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Dublin: 23 °C Monday 25 June, 2018
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GIY: 'School lunches shouldn't be about wolfing down a sandwich in ten minutes'

In France, children spend a full hour where they learn how to eat in a civilised, relaxed manner and enjoy healthy food, writes Michael Kelly.

Michael Kelly Grower

THERE’S A GREAT scene from Michael Moore’s 2015 documentary Where to Invade Next that focuses on school dinners. He visits a small rural town in France and goes to the ‘best place to eat in town’ – the local school’s cafeteria.

In France, they consider school lunch to be part of the teaching day. The children spend a full hour where they learn how to eat in a civilised, relaxed manner and enjoy healthy food. In the film, the children dine on scallops to start, chicken or lamb skewers on cous cous for mains, a dessert and even a cheese course (bien sûr).

With such a grounding in social eating, it’s little wonder that the French have such a healthy attitude to and knowledge about food.

Could we achieve something similar?

Earlier this year, the Chairperson at Tramore Educate Together came across Moore’s documentary. Corinne is French, so it resonated with her, particularly since she now lives in a culture where school lunches are about wolfing down a sandwich in ten minutes before running out to play. She sent it on to my wife, who is principal at the school, and it got us all thinking. Could we hatch a plan to achieve something similar?

The result was a social eating programme called Eat Together, which we’ve now delivered at four schools in Waterford. Since very few primary schools in Ireland have canteen facilities, we had the idea to send the lunches from GIY’s restaurant (GROW HQ) instead.

shutterstock_686696497 Source: Africa Studio via Shutterstock

Once a week for a 6 or 8 week period, we deliver to the school a delicious, 2-course hot lunch from a menu plan prepared by our Head Chef JB Dubois. The school agree to schedule it in as a lesson (before the lunch break), and we provide the teacher with a lesson plan to weave it into the curriculum.

The children eat together at long tables to encourage them to talk to each other and, as in the French school, they eat from proper plates/bowls and use real cutlery. We talk about the food they are eating, where it has come from, and how it was produced or grown. They talk about texture and flavour, what veg they can identify in the meal, what they like and what they don’t.

We’ve seen even the pickiest eaters become more willing to try things

The menu changes every week, but it’s always proper hearty, in-season food. We could have a little veg quiche or tartlet to start, followed by shepherd’s pie or chicken casserole for mains. If dessert is on the menu we generally sneak some veg in there too. A beetroot brownie, or carrot cake.

The children bring the menus home so they can cook it at home with their families if they so wish. Feedback from children, parents and teachers has been overwhelmingly positive – over 90% of parents would like the programme to continue and are willing to pay for it themselves. They tell us it helps to make their children more interested, curious and knowledgeable about food.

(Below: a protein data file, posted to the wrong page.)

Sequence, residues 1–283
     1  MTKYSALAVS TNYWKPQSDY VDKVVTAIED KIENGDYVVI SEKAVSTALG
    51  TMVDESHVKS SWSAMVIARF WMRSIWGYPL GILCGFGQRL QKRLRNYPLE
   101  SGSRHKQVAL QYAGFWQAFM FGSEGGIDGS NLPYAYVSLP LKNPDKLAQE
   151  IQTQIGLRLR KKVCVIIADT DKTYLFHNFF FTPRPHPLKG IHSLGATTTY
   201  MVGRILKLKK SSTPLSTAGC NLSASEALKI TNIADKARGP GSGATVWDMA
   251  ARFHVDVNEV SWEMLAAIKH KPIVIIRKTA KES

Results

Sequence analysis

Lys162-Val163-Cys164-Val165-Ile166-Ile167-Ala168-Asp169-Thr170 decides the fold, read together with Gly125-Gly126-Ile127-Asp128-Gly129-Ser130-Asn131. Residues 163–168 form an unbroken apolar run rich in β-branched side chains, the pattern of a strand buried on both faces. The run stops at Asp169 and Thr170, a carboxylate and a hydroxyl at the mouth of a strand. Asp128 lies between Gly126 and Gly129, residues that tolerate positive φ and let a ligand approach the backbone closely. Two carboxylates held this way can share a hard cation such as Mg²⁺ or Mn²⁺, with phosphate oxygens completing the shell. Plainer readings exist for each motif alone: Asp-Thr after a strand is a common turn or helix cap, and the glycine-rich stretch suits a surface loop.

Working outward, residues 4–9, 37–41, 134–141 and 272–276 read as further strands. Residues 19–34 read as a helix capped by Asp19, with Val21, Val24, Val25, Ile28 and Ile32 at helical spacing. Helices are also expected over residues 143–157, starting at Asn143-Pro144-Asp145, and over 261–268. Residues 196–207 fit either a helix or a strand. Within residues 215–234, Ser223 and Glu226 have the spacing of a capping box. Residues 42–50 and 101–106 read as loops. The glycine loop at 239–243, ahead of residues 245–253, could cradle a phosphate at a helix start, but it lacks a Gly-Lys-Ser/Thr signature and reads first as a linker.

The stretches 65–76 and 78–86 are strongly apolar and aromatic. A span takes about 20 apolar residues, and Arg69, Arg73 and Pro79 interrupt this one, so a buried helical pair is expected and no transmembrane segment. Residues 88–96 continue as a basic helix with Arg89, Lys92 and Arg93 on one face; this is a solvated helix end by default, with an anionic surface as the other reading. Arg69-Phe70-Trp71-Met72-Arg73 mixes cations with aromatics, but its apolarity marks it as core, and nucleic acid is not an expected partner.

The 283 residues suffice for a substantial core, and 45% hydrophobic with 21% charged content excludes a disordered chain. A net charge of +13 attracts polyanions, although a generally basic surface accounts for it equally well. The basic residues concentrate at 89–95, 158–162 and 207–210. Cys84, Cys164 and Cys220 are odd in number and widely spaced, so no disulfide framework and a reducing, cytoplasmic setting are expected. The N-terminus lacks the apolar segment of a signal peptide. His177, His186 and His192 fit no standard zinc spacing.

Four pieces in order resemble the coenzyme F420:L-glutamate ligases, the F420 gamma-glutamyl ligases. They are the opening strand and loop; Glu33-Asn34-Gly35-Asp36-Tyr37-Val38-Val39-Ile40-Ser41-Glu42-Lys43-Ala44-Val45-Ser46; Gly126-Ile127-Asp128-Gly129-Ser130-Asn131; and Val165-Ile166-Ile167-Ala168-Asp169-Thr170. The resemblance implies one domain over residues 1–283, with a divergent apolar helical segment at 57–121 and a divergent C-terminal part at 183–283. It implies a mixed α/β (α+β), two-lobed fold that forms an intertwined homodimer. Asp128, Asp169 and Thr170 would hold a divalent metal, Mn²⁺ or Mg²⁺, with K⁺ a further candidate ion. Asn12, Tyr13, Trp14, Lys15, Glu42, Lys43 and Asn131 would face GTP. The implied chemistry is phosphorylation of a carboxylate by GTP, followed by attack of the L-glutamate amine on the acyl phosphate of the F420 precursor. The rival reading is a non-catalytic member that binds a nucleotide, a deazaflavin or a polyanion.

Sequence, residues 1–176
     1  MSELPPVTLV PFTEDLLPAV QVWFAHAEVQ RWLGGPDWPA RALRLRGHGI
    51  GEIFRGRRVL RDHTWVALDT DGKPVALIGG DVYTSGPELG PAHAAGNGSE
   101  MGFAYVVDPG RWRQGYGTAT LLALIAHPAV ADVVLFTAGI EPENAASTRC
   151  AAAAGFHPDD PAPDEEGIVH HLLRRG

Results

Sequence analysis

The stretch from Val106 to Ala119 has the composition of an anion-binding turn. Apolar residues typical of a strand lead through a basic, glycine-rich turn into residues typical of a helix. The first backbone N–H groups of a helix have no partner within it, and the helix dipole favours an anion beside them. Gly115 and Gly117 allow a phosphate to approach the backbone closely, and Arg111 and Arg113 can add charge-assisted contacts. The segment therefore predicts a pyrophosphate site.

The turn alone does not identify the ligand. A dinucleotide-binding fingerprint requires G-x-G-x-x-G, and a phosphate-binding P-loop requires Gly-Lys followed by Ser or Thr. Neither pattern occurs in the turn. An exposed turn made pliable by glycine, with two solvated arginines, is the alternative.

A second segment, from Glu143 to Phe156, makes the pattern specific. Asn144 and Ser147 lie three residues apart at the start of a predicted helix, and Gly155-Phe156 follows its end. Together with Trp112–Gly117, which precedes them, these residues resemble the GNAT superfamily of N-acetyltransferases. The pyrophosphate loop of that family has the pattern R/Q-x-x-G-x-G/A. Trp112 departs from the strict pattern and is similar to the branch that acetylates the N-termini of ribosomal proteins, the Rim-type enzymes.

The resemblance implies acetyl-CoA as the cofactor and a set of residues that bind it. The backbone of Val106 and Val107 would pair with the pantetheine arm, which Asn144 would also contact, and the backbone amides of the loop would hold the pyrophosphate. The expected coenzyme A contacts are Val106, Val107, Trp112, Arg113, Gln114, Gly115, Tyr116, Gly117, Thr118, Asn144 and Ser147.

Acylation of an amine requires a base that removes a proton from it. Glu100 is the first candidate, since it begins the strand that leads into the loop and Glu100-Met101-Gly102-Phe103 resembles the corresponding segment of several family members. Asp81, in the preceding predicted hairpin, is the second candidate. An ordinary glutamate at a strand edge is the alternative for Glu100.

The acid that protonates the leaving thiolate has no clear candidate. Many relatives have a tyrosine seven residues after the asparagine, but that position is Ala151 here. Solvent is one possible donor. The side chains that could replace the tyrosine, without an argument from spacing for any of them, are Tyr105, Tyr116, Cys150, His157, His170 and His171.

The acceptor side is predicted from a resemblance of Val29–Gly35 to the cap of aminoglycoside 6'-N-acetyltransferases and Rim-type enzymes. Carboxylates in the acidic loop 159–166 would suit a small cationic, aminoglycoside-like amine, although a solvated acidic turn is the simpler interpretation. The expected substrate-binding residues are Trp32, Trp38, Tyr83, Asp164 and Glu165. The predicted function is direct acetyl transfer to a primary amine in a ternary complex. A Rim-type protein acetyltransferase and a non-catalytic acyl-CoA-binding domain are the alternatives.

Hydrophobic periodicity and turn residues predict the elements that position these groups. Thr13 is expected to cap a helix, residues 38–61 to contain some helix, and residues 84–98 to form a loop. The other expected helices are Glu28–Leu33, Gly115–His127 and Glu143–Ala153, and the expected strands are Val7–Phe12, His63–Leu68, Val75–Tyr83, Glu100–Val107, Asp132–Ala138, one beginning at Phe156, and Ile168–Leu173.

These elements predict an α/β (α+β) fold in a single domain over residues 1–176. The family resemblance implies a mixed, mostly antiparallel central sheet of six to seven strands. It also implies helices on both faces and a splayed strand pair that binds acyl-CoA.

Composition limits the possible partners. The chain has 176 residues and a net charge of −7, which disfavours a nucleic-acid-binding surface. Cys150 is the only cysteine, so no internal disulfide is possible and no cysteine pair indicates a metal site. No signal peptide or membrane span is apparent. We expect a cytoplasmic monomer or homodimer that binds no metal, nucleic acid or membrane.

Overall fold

We’ve seen even the pickiest eaters become more willing to try things, when they are surrounded by their peers who are getting stuck in. Above all though, it’s a chance for children to view food as a sociable, enjoyable occasion – rather than a quick re-fueling.

This term, three local schools – Tramore Educate Together, Scoil Lorcáin and Gaelscoil Phort Láirge – are taking part. In a week where a Safefood Ireland study found that the total lifetime cost of childhood obesity in Ireland is estimated at €7.2 billion (that’s not a typo), it’s clear that radical thinking on food education is needed.

A programme like Eat Together could be part of the solution, and it’s worth noting that the government is already funding lunch deliveries to DEIS schools. In the meantime, we’re actively looking for partners to help us roll Eat Together out further around the country – other schools, parent’s associations, restaurants, cafes, cookery schools, sponsors and so on. Get in touch if you want to get involved.

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Recipe of the Week – Traditional Shepherd’s Pie

shutterstock_754264099 Source: Istetiana via Shutterstock

Last week, the Eat Together schools dined on JB’s Traditional Shepherd’s Pie. In the olden days, meat pies were done with left over stew and not with mince. The reheated stew was then topped with pastry or with mash potato (more traditional in Ireland). The diced lamb gives this a fantastic texture, and it’s full of in-season vegetables – garlic, carrots, parsnips and onions.

Ingredients

  • 500g diced lamb
  • 4 large tomatoes or 1 small tin of chopped tomatoes
  • 2 garlic cloves
  • 2 medium carrots
  • 1 parsnip
  • 1 large onion
  • chopped rosemary leaves
  • 200 ml good homemade chicken stock (made from the left-over bones of a roast chicken)
  • pinch of salt
  • 1 Tbsp cooking oil
  • 700g nice buttery mash potato to cover the top

Directions

Fry off the diced lamb with a little cooking oil in a wide stock pot for 5 to 6 minutes until golden brown. Peel and slice the vegetables. Add the vegetables to the meat and fry off for 3 to 4 minutes.

Add the chopped garlic, rosemary and salt. Add the chopped tomatoes and the chicken stock and simmer on low heat for 2 to 3 hours until the meat start to become flaky. Pour the lamb stew into a pie dish, cover with mash potato and bake at 150 degrees Celsius for 45 minutes.

Michael Kelly is founder of GIY and GROW HQ. 

Click here for more GIY tips and recipes.

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Michael Kelly  / Grower

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